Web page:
Pumpkin Carving for All Sensory Types

Pumpkins in the back of an SUV

A few years, I was at a farmer’s market during the last week of October when the gal running the veggie stand said, “All purchases come with a free pumpkin today!” Fantastic! Thanks! I went to chose one out of the pile, when the older gentleman who was also working at the stand called out, “Take ten! Ten pumpkins! They’re all yours – we have more than we know what to do with, and we’ll never get rid of them all by Halloween! Your kids will love carving them!”

What an awesome and generous surprise! My kids would love them, but only two would truly enjoy carving them. The other two would not dream of touching the inside of an ooey gooey pumpkin so making jack-o-lanterns has been a challenge every Halloween. As I loaded up the ten pumpkins in the back of my SUV, I thought about all the non-carving pumpkin projects we liked to do for both my sensory-seeking kids and sensory-avoiding kids:

  1. Drill holes for pumpkin lanterns. I personally love this one and almost always turn my own pumpkins into lanterns even though I don’t mind scooping out the goopy seeds. We use a drill or two fitted with different size drill bits for making a variety of holes all over the pumpkins. They shine the best when the insides are cleaned out, but we learned they do work if the seeds stay in.
  2. Decorate with craft supplies. Yarn for hair. Goofy eyes. Pipe cleaners as glasses or mustaches. Whatever we have on hand has been used to decorate, especially when my children were in preschool and attention spans were just too short for carving jack-o-lanterns, even with the kids who were interested in them. A pumpkin once made a very nice head for a Halloween scarecrow by our front door.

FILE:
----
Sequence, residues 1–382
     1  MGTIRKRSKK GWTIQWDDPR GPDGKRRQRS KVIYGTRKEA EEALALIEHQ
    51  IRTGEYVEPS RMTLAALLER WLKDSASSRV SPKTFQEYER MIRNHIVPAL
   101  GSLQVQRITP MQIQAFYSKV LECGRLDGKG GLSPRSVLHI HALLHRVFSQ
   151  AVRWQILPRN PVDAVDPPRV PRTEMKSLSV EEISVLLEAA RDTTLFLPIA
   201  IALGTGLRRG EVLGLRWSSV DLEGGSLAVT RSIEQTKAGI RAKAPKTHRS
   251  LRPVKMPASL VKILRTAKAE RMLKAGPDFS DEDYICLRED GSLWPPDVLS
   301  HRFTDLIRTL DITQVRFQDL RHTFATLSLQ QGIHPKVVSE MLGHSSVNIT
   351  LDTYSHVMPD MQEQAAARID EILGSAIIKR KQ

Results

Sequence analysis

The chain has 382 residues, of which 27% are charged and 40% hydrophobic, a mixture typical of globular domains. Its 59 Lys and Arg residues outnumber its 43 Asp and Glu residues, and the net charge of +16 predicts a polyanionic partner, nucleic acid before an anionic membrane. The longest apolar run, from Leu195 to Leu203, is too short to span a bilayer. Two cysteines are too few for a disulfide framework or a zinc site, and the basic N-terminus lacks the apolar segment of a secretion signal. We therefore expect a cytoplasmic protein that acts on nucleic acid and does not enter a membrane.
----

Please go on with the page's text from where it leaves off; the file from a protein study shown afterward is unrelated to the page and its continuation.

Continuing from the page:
3. Color with Sharpies. This one usually starts out well at our house with everyone carefully drawing on their pumpkins  – patterns, mazes, and designs – but ends up with someone suggesting a coloring competition to see who can make their pumpkin one solid, single Sharpie color. If people get carried away, we usually re-route to making pumpkin lanterns.
  4. Paint! We’ve used brushes, sponges, and rags. One year, my crew tried drip painting their pumpkins and then splattering them Jackson-Pollock-style. They had a blast, and it was a great outdoor activity. It suits my kids who wants to get messy yet allows my kids who wanted to keep their hands clean to also participate.
  5. Pumpkin target practice with hatchets. This. This is the latest and greatest pumpkin pastime at my house. Axe throwing is all the rage right now. There are even badges in Boy Scouts and Girl Scouts for axe and hatch throwing, so of course my kids wanted to set up a throwing course in the backyard with some pumpkins. Supervision required. A few standard rules. Lots of fun. And the squirrels had a feast when it was all done.

However you decorate or use or carve your pumpkins this fall, I hope you have fun.